Gary Lineker, famous footballer and pundit, is one of many people bemoaning the decline of language learning in this country. As someone who learnt Spanish while playing for Barcelona, Lineker believes language learning is a critical part of a young person’s education:
“There’s an attitude abroad and sometimes it’s understandable that we’re a bit pompous or arrogant and we think everyone should speak English. I don’t think it really does us any favours in terms of how people see us,” he said. “There is no question in my mind when you speak someone else’s language, certainly in their country, they’re normally pretty appreciative of the fact.”
Perception is everything and there is a measure of truth in Lineker’s observation. Yet I believe it is not so much arrogance which is the barrier to language learning but rather the reality of English being the lingua franca of our times. Indeed, on language exchange programmes our students often have to be persistent in speaking the language of their partners who themselves desperately want to take every opportunity to speak English.
So how do we persuade young people to learn a language when all the world appears intent on speaking English? Gary Lineker commendably focuses on the cultural dimension. To interact with people in their language enables the speaker truly to understand cultural signifiers where there invariably will be nuances of meaning. Speaking English is inevitably a barrier to this. English allows communication but does not necessarily facilitate understanding and in a world where cultures clash and misunderstanding is rampant understanding people has never been more important.
Another driver has to be the benefits of speaking another language in the global workforce. This is clearly illustrated by the careers of our alumni. As part of the European Day of Languages we contacted alumni who were linguists to ask whether they would be prepared to share their experience. So many stories revealed how languages opened up opportunities in ways conventional careers guidance could not anticipate.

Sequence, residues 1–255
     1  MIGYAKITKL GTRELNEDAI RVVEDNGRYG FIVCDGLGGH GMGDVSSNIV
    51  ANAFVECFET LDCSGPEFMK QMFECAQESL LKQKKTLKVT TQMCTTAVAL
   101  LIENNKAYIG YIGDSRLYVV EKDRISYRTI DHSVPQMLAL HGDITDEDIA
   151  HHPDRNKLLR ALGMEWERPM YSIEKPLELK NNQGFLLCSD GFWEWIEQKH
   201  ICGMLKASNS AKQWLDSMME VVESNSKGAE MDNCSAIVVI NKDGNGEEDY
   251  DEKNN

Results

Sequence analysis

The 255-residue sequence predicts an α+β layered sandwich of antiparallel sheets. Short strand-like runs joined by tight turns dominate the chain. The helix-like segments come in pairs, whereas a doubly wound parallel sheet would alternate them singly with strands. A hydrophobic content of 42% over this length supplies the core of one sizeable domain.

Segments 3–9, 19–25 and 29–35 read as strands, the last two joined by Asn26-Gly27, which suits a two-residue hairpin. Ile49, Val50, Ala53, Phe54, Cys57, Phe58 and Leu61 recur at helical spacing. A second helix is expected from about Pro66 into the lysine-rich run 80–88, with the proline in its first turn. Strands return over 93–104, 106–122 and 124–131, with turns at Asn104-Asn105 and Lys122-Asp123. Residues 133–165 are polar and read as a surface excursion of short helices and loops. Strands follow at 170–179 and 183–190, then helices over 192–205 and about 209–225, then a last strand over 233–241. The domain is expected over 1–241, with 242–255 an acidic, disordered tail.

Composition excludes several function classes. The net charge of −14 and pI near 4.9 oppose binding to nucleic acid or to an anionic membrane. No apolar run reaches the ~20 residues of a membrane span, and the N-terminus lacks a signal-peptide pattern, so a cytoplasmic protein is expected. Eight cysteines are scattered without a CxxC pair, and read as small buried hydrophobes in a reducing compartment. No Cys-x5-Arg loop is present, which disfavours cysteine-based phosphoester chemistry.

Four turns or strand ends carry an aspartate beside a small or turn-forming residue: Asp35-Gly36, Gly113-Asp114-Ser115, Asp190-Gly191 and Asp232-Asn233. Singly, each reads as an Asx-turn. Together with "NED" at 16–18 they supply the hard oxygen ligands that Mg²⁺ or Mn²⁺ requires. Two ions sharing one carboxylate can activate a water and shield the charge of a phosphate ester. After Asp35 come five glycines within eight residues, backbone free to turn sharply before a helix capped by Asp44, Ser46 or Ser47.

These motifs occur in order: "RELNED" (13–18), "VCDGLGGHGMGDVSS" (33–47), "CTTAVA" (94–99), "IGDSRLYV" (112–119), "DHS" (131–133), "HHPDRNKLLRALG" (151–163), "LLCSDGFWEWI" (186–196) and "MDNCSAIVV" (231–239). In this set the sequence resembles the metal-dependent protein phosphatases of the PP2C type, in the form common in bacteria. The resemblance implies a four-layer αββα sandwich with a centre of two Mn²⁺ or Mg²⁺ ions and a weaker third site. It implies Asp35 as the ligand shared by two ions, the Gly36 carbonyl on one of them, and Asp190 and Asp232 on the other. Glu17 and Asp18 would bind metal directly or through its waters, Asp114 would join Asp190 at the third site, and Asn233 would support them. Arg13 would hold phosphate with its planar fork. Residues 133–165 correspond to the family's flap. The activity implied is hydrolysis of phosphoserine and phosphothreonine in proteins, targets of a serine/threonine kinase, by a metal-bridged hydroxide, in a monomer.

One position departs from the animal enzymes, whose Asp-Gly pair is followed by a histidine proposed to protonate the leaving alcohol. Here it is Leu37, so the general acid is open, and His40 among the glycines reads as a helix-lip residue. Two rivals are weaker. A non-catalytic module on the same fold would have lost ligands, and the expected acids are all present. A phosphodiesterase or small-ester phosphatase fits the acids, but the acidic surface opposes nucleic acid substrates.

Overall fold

Yet ultimately my view is that these very grown up reasons for studying languages don’t cut much ice with young people. They speak English so why work hard at another language? As the Head of Modern Languages observed in assembly, learning a language requires effort and then there are all those grammatical exceptions. Mark Twain, a giant of American literature, was happy to share his experience of learning German:
“When a German gets his hands on an adjective, he declines it, and keeps on declining it until the common sense is all declined out of it.”
Which is why a school needs to think differently about language learning. In addition to offering a menu comprising seven modern foreign languages, Year 7 students study linguistics and in Year 8 we have introduced a new Global Outlook course. The objective of these non-examined programmes is to encourage students to engage culturally with the wider world in creative ways. One topic for Year 8 is based on the concept of “globish”, and other activities include deciphering runes and creating runic sentences.
In this way we aim to encourage a genuine interest in the world providing a context for why language learning matters. It is important that everyone engages with languages and not just the naturally gifted linguists. With technology shrinking our world, the imperative for language learning is more important than ever. We may be globally connected through a device, yet we are still interacting with human beings. And it is all about understanding and not just communicating.